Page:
Solarpotential Hausdach berechnen mit dem Solarrechner

Solar potential and costs at a glance

With our solar calculator you can analyze the solar potential of your roof in just a few minutes and calculate the profitability of a photovoltaic system.
Check solar potential now

What role does self-consumption play?

Photovoltaic systems without storage achieve a self-consumption share of 30 to 35 percent. Why? Households consume the most energy in the morning and evening, photovoltaic systems produce the most electricity over midday. Without storage, you would have to draw 65 to 70 percent of your electricity from the grid, even though your photovoltaic system produces more than enough solar power. With a smart storage solution, you double your self-consumption percentage, use more cheap solar power, don't have to buy expensive power from the grid, and sell your excess solar power.

Houzy Hint


How solar power storage works and what speaks for or against it you can read in our article «Electricity Storage: Is a Storage Device for the Solar Power System Worthwhile?».

Is selling solar power worth it for you?

You sell your surplus solar power either way. Either to your local or regional energy supplier or to another one. The only question is how much you get for your electricity. In this simple example, we calculate income and expenses for an average single family home in the city of Winterthur. The key points:

  • Electricity consumption: 4,500 kilowatt hours per year
  • Solar power production: 10,000 kilowatt hours per year
  • Share of self-consumption: 32.5 percent
  • Cost of electricity from the grid: 31.51 centimes per kilowatt hour (gold = solar electricity)
  • Feed-in remuneration Winterthur municipal utility: 14 centimes (for electricity and certificate of origin
  • Reference market price: 40.258 centimes per kilowatt hour (3rd quarter 2022)
  • Service fee: 8 centimes per kilowatt hour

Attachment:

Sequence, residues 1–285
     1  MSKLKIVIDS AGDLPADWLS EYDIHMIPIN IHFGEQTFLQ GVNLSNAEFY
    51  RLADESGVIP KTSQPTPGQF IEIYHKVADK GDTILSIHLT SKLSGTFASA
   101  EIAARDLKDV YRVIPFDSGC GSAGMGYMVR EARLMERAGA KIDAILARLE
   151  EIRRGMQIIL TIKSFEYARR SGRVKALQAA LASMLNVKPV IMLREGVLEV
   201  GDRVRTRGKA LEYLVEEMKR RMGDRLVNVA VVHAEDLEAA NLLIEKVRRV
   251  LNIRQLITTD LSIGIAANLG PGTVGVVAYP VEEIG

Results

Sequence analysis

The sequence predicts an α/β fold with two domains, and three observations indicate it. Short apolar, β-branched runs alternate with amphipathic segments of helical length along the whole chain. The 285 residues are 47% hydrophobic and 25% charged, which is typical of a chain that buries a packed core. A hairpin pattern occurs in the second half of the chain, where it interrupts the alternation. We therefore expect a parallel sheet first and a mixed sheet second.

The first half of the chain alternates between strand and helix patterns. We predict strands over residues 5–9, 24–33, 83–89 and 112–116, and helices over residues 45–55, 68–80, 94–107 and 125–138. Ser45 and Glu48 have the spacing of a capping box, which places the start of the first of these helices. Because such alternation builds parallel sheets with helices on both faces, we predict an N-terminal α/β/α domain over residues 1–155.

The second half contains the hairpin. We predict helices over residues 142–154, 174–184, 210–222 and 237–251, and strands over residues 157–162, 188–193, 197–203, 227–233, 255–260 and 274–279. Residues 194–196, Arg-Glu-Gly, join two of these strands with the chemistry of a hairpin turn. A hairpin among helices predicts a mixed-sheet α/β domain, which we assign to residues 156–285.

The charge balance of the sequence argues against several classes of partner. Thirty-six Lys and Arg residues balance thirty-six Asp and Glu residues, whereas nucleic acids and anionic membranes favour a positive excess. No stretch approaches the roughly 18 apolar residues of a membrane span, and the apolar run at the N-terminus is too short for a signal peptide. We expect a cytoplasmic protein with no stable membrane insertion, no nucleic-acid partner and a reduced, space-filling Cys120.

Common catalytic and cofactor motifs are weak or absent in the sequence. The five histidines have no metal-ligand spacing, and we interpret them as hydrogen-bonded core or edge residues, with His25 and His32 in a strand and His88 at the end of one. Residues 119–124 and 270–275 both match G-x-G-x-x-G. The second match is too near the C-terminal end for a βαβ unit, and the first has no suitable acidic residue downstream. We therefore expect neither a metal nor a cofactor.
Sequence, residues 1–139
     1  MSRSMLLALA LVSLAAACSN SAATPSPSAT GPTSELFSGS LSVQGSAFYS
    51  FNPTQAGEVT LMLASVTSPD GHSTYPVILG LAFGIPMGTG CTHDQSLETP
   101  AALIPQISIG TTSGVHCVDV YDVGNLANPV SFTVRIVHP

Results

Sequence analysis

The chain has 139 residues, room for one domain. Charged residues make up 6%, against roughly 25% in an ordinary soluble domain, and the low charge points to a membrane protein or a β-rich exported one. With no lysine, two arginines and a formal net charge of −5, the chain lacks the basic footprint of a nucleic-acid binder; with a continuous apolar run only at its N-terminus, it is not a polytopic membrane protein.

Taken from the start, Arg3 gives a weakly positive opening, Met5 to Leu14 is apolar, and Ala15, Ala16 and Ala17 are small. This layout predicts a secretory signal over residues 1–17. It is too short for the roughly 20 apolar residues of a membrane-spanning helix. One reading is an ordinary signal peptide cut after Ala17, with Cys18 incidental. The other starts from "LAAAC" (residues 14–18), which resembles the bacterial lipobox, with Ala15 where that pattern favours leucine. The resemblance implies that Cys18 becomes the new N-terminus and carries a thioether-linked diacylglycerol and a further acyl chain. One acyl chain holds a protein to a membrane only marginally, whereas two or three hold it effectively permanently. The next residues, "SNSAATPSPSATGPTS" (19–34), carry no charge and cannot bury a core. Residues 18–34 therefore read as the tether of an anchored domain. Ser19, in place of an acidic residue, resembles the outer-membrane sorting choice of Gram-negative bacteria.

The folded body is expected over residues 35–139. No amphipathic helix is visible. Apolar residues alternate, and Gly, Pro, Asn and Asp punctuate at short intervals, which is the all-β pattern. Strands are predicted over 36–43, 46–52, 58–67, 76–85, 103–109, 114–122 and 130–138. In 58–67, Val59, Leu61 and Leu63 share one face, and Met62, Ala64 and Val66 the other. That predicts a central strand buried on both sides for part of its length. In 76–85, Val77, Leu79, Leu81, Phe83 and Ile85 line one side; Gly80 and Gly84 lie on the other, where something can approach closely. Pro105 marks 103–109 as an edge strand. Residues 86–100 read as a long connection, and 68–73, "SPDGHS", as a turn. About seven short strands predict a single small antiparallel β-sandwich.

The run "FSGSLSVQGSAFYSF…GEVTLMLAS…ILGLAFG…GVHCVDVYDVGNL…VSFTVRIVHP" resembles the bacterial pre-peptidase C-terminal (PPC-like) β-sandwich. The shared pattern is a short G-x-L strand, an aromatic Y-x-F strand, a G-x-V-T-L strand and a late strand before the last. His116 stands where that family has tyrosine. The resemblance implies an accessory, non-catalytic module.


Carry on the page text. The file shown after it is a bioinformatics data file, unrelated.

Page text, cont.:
Selling Solar Power: example calculation

In this example calculation, the owner of a single-family home earns 551 Swiss francs when he sells his solar power to the Winterthur municipal utility and saves 1,696 Swiss francs a year thanks to his photovoltaic system. If he sells his solar power to a supplier who pays him the reference market price, he earns 2,177 Swiss francs and saves 3,201 Swiss francs a year. The reference market price depends on the prices on the electricity exchange. And like on any stock exchange, prices can rise or fall. There is no guarantee or certainty that the reference market price will not fall below the feed-in remuneration. In the example, the calculation works out as long as the single-family homeowner receives more than 22 centimes per kilowatt hour (14 centimes feed-in remuneration plus 8 centimes service fee). As soon as the reference market price in this example falls below 22 centimes per kilowatt hour, the single-family home owner would have been better off with the feed-in remuneration from his energy supplier.

Houzy Advice

Good to know

The Association of Swiss Electricity Companies is calling for a central body that buys solar power from all over Switzerland and remunerates it at a uniform market price.

Houzy Hint


Most local or regional suppliers pay something for the certificate of origin with the feed-in remuneration. If you sell your solar power at the reference market price, you must market the certificate of origin yourself, for example on the green power exchange.

With our solar calculator you can calculate the solar potential of your house roof if you have not yet installed a photovoltaic system, simulate and optimize your own consumption or find out how much solar power you produce yourself.

Related articles